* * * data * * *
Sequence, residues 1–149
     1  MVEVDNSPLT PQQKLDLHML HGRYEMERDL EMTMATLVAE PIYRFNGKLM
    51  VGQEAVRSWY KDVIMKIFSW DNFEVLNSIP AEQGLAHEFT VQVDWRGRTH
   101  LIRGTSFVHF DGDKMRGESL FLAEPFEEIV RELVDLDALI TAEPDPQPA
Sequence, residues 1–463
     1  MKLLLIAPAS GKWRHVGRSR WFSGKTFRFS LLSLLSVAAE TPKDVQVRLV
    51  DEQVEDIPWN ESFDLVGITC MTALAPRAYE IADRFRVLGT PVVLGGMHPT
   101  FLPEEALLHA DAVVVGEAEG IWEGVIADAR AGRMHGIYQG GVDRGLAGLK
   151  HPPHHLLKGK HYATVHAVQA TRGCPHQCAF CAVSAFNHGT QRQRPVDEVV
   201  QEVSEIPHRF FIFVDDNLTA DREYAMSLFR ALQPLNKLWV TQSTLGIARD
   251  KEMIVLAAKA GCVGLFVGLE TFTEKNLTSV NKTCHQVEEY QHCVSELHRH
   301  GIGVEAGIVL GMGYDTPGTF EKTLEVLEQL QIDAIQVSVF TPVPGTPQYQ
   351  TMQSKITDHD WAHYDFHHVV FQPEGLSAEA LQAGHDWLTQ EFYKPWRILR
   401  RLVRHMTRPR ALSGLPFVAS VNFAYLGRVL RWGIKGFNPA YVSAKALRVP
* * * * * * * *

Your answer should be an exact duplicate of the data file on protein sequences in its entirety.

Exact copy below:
Sequence, residues 1–149
     1  MVEVDNSPLT PQQKLDLHML HGRYEMERDL EMTMATLVAE PIYRFNGKLM
    51  VGQEAVRSWY KDVIMKIFSW DNFEVLNSIP AEQGLAHEFT VQVDWRGRTH
   101  LIRGTSFVHF DGDKMRGESL FLAEPFEEIV RELVDLDALI TAEPDPQPA
Sequence, residues 1–463
     1  MKLLLIAPAS GKWRHVGRSR WFSGKTFRFS LLSLLSVAAE TPKDVQVRLV
    51  DEQVEDIPWN ESFDLVGITC MTALAPRAYE IADRFRVLGT PVVLGGMHPT
   101  FLPEEALLHA DAVVVGEAEG IWEGVIADAR AGRMHGIYQG GVDRGLAGLK
   151  HPPHHLLKGK HYATVHAVQA TRGCPHQCAF CAVSAFNHGT QRQRPVDEVV
   201  QEVSEIPHRF FIFVDDNLTA DREYAMSLFR ALQPLNKLWV TQSTLGIARD
   251  KEMIVLAAKA GCVGLFVGLE TFTEKNLTSV NKTCHQVEEY QHCVSELHRH
   301  GIGVEAGIVL GMGYDTPGTF EKTLEVLEQL QIDAIQVSVF TPVPGTPQYQ
   351  TMQSKITDHD WAHYDFHHVV FQPEGLSAEA LQAGHDWLTQ EFYKPWRILR
   401  RLVRHMTRPR ALSGLPFVAS VNFAYLGRVL RWGIKGFNPA YVSAKALRVP